Reviewed by Harry Kaplan
Most people, when they think of a state that produces a lot of popular musicians, would mention states like New York or California. It’s time to rethink that. I am going to throw Michigan in the mix. Let’s not forget, Motown was started in Detroit and most of the early stars were from Michigan. Motown aside, the musical influencers from Michigan are all over the place. Of course there are The Stooges and the MC5, but let’s not forget one of the greatest guitar players of all time, Bill Kirchen. And, Bill went to the same high school as Iggy Pop (James Osterberg) and Bob Seger. So Michigan is pretty dense with game changing bands and musicians. It just so happens that Jeremy Porter And The Tucos are from none other than Detroit, Michigan. And they definitely learned a lot from those that came before them. Once in a while, you can hear a Stooges riff or a little bit of Iggy styling, and I love that. There are enough differences in the music that the similarities stand out more.
Jeremy Porter And The Tucos definitely use noise and distortion at times, but they can also turn out a beautiful pop song with gorgeous vocals and backing harmonies. In fact, they do an amazing job of mixing a heaping helping of influences and genres in their own music. And they do it flawlessly, with no need for safety nets. They aren’t bound by any labels or parameters when it comes to the music. Not only do you have the standard electric guitars and bass, but this album has B3, trumpet, flugelhorn, and farfisa.
So who are Jeremy Porter And The Tucos? Let’s find out. Of course, on lead guitar and vocals, you got Jeremy Porter. If you think that’s all Jeremy plays, think again. Jeremy also plays organ, synth, piano, mando, and baritone guitar. And that’s just on this album. On drums, percussion, vocals, and guitar, you have Gabriel Doman. The final leg of this power trio is Bob Moulton on bass, vocals, baritone guitar, and hand claps. It’s not easy to get a good hand clap recorded.
So, onto the music… I have given it one listen already and my early favorite out of the gate is Zipper Merge. I have such a soft spot for this type of smart, well crafted, pop music. The harmonies and hooks are so infectious, you may need a booster shot. It’s a really nice song about driving home to see the one you love. The vocals are great and the instruments perfectly compliment the entire ensemble. If you listen closely, you can hear those stunning Hammond B3 organ fills. Total ear candy.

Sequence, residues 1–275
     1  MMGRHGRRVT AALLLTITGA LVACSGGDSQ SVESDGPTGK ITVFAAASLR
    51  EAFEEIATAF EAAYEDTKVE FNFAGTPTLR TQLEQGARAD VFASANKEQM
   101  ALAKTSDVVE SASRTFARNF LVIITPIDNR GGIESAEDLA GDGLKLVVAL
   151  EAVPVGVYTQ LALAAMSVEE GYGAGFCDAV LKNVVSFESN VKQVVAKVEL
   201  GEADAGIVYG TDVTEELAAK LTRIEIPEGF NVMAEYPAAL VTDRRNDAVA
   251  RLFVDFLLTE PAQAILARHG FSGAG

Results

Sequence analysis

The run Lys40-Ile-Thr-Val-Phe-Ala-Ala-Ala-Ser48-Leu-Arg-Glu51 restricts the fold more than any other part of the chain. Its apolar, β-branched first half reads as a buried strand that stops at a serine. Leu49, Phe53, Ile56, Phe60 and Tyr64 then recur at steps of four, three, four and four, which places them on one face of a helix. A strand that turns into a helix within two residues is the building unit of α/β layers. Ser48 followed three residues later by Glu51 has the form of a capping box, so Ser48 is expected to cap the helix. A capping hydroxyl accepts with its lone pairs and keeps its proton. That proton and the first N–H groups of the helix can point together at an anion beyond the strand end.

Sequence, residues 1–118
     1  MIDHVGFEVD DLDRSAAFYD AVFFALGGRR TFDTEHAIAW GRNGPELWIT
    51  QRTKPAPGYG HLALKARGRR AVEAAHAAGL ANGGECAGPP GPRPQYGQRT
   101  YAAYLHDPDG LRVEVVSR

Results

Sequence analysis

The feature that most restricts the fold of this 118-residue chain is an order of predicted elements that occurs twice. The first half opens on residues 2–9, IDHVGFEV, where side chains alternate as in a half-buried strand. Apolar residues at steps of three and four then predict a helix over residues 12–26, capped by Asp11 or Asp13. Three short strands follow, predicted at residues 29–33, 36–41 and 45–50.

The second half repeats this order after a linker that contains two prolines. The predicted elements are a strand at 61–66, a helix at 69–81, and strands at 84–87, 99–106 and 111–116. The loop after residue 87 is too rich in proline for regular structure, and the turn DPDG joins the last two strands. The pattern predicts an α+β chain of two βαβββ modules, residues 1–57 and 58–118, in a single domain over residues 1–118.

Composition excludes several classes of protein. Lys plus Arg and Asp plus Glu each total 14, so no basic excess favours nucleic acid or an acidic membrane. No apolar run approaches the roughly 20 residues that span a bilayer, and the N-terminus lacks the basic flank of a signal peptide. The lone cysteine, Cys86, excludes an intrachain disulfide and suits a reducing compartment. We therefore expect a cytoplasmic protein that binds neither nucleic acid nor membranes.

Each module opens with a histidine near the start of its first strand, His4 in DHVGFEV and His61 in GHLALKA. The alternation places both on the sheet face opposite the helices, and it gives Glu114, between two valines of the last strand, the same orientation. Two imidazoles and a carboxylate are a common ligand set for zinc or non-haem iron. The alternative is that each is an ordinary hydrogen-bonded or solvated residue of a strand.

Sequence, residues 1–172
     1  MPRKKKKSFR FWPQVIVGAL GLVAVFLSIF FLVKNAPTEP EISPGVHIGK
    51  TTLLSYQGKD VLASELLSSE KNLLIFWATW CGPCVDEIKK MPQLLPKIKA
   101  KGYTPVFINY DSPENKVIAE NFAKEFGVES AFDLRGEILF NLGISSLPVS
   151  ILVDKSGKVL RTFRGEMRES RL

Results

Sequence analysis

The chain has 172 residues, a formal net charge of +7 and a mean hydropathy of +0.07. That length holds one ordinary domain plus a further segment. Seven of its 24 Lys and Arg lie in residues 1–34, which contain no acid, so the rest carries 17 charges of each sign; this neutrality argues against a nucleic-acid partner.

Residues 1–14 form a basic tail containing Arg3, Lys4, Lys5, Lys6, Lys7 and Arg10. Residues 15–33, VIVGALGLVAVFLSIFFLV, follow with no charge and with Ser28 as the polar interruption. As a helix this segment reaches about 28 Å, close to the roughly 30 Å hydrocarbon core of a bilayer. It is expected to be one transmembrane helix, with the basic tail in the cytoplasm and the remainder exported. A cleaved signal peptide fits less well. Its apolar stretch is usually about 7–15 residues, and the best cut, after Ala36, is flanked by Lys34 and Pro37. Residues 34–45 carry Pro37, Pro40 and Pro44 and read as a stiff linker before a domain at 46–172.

Jeremy and the rest of the musicians can also shred it up, when necessary. Just take a listen to the opening track, Put You On Hold, The opening guitar riffs will definitely take you back to the early 70s when The Stooges and MC5 where the bullies on the block. This song has some heavy guitar and drums, but the heaviness is tempered a bit by the farfisa played by Even Mercer. A perfect example of power chord driven rock and roll with a twist. Jeremy and the boys put their own signature on this hard rockin’ ditty.
Another really nice song that is a perfect example of power pop executed perfectly is Girls Named Erica, I have a hunch that this song is not about all girls named Erica. No, I have a hunch that song is about a very specific girl named Erica. They seem to be making a connection that one “Erica” speaks for the entire “Erica named” population. Whether this is true, I have no idea. But, it makes for a really beautiful rock and roll song played the way it should be, with real instruments and limited knob twisting.
I have been hearing a lot that rock and roll is dead. Candy Coated Cannonball completely disproves that theory. This is almost a perfect rock and roll record. My hope is that this fine LP will influence other musicians and bands to make their own rock records and start a real comeback. Rock and Roll is still alive, but a little more of it wouldn’t be a bad thing. Jeremy Porter And The Tucos can make it happen.
Listen and buy Candy Coated Cannonball here.